A senior civil servant has been asked by an MP to examine whether any of the 49 secret reviews into benefit-related deaths concluded that the government had been partly to blame.
The question came as Conservative employment minister Esther McVey was giving evidence to an inquiry into benefit sanctions policy.
Labour MP Debbie Abrahams a member of the work and pensions committee that is conducting the inquiry, told McVey there was “an increasing… and a worrying number of deaths that are being associated with sanctions”.
Her questions came in the wake of a series of Freedom of Information Act requests by Disability News Service (DNS), which have revealed that the Department for Work and Pensions (DWP) has carried out 60 – a figure later corrected by civil servants to 49 – internal “peer” reviews into benefit-related deaths since February 2012.
Abrahams asked McVey how many of the peer reviews concluded that the deaths had been associated with the use of benefit sanctions.
McVey said it was “wrong” of Abrahams to “politicise” and “inflame” the issue, and refused to answer her question.
But when Abrahams asked civil servant Chris Hayes, DWP’s labour market strategy director, whether any of the 49 peer reviews had found DWP’s actions to have been “inappropriate or incorrect”, he said he would “have to look at the peer reviews in detail” in order to answer her question.
He came closest to suggesting that some of the reviews had attached some blame to the government when he added: “We have found no particular case where as a direct result of sanctions alone, that has led to someone being in that situation.”
But when DNS asked a DWP spokeswoman to clarify whether Hayes had committed to looking at the reviews in detail, she said: “My understanding was there was no commitment. He didn’t commit to looking at the detail.”
Asked whether she had actually asked Hayes to clarify his remarks, she said: “I am not going to tell you how I have dealt with your enquiry.”
The session had begun with the committee’s chair, the disabled Labour MP Dame Anne Begg, repeatedly asking whether the government had any evidence to justify its decision to introduce a stricter sanctions regime through the Welfare Reform Act 2012.
The act brought in tougher regimes for claimants of both employment and support allowance and jobseeker’s allowance (JSA), with the minimum JSA sanction increasing from two to four weeks without benefits, and the maximum sanction from six months to three years.
Dame Anne repeatedly asked what evidence the government had possessed at the time on the impact of extending these sanctions on individual claimants without money, but McVey avoided answering the question.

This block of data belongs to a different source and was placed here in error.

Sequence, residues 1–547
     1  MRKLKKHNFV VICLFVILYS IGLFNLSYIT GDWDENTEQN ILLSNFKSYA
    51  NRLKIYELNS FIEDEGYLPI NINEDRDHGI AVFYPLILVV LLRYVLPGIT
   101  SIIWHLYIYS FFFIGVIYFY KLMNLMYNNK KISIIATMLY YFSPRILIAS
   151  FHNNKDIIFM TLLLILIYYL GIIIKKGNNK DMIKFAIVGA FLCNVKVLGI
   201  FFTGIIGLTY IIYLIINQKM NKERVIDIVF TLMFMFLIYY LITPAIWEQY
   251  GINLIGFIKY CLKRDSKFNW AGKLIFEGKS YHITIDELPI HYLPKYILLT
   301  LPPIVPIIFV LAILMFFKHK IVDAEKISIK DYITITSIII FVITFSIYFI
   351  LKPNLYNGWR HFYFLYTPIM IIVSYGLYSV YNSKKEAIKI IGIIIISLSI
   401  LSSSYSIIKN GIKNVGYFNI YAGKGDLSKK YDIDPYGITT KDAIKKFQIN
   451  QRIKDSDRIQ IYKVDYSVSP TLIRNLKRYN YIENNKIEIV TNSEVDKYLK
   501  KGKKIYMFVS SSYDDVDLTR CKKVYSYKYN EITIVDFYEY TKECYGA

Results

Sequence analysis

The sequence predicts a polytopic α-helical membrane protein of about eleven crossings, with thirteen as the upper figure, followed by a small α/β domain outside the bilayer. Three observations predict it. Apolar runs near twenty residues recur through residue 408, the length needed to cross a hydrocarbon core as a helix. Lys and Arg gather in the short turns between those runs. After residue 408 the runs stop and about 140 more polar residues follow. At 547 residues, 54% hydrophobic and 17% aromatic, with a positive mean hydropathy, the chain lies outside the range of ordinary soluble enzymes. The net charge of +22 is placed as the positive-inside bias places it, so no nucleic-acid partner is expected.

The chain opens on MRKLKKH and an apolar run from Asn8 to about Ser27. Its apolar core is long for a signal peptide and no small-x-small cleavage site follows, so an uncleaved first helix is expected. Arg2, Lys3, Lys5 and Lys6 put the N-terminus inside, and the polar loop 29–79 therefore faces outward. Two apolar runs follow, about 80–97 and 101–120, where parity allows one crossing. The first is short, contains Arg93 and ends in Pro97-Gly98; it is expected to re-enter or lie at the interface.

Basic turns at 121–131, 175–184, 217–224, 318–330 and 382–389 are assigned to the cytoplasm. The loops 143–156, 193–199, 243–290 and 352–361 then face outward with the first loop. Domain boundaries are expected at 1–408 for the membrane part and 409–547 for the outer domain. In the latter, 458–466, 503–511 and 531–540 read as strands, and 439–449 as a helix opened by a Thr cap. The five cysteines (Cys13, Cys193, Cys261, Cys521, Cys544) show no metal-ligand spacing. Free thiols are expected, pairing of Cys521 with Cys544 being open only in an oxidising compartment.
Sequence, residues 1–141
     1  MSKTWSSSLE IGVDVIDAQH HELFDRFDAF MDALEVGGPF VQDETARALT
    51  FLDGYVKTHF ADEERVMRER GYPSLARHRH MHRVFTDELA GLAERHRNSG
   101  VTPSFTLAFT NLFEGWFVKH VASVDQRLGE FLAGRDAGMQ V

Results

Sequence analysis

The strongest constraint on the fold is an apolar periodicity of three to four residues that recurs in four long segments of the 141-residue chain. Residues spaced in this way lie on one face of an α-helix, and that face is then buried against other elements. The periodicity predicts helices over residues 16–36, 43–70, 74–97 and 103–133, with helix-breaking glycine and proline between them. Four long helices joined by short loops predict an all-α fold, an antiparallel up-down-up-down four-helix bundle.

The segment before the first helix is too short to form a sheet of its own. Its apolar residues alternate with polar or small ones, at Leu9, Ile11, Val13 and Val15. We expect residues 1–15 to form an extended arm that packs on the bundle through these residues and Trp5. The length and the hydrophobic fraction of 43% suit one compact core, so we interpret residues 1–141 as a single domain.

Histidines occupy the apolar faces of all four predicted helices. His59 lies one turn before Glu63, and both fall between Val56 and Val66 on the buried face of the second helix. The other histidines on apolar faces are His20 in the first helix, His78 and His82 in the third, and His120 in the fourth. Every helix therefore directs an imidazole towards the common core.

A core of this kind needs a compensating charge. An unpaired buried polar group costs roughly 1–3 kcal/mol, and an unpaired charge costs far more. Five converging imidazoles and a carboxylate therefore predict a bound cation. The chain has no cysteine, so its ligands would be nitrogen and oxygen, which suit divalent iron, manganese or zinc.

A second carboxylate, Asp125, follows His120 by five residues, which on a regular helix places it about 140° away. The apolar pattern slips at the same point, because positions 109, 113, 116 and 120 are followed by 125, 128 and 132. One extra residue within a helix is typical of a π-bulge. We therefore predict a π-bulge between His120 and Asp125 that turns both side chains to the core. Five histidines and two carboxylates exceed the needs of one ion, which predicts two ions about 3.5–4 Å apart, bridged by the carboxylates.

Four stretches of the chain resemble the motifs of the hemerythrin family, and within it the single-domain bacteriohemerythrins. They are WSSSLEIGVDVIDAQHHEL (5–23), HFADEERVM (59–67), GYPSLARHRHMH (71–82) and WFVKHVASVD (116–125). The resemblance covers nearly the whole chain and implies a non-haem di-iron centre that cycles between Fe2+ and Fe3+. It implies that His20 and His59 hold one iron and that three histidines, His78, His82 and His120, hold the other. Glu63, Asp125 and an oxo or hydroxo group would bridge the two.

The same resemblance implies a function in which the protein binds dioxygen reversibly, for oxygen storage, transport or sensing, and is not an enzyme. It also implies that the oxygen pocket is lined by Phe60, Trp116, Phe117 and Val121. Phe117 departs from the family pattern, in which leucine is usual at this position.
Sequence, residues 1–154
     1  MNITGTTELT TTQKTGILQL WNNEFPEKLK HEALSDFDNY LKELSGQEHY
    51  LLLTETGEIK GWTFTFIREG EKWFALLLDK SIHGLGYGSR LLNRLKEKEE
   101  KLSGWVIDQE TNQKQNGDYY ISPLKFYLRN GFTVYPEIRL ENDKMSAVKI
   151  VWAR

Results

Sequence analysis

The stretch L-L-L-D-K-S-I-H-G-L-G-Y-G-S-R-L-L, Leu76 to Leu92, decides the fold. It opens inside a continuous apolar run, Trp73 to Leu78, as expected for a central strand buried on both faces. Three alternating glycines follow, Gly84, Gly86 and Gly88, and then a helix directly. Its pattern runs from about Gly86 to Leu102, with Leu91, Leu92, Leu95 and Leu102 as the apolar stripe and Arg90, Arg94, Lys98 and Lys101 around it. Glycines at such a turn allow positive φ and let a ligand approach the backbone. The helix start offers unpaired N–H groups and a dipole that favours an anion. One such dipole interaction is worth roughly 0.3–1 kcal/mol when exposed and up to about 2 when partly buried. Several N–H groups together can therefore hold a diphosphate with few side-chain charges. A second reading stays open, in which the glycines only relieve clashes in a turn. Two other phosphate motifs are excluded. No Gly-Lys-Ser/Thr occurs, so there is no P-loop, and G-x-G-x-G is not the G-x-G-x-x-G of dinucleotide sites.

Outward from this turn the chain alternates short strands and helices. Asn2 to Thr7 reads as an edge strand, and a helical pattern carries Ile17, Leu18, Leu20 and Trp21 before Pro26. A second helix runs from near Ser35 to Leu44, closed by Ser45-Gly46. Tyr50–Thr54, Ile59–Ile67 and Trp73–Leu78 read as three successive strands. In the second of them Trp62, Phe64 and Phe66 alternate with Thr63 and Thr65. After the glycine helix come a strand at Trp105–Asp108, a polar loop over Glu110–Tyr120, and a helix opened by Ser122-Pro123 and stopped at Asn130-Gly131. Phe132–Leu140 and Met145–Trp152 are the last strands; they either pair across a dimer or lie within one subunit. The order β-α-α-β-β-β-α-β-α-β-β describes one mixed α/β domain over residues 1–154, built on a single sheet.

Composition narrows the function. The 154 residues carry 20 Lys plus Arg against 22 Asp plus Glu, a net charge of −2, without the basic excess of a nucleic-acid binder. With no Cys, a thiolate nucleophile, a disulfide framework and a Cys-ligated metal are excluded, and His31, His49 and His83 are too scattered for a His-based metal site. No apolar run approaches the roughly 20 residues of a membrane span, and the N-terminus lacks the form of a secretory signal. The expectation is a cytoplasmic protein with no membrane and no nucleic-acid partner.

Dame Anne told her: “There is a group of people as a result of the toughening of the sanction regime left destitute because the system is not working.”
Her Labour colleague Glenda Jackson told McVey: “You have introduced punitive sanctions and you have given absolutely no evidence so far this morning that that is effective in getting people into work.
“What we have had evidence of is, because of sanctions, people simply no longer go into Jobcentre Plus and as far as we are aware they have completely fallen off the system.”
But the disabled Conservative committee member Paul Maynard said the sanctions regime under the previous Labour government had also been “punitive” and had “trapped” claimants with a literacy or numeracy problem or a learning difficulty.
He said Labour’s system was “more cruel because it left far more on the scrap-heap”, while the current system was more personalised.
Abrahams also told McVey that it was a “nonsense” that ministers had said they could no longer produce figures to show how much money in total had been taken from claimants through sanctions.
Government figures had previously estimated that £45 million had been taken in 2010-11, and £60 million in 2011-12, compared with just £11 million in 2009-10, in the last year of the Labour government.
But McVey said DWP no longer published any figures because there were too many “caveats” to produce anything meaningful.
Abrahams said independent research – carried out by Dr David Webster of the University of Glasgow’s urban studies department – had estimated that the amount lost by JSA claimants had risen to £275 million a year*, although McVey said she did not recognise this figure.
*Disability News Service has confirmed with Dr Webster that this estimated figure refers to the net amount lost to claimants through JSA sanctions (money lost through having benefits stopped minus any hardship payments received by the claimant) from July 2013 to June 2014
6 February 2015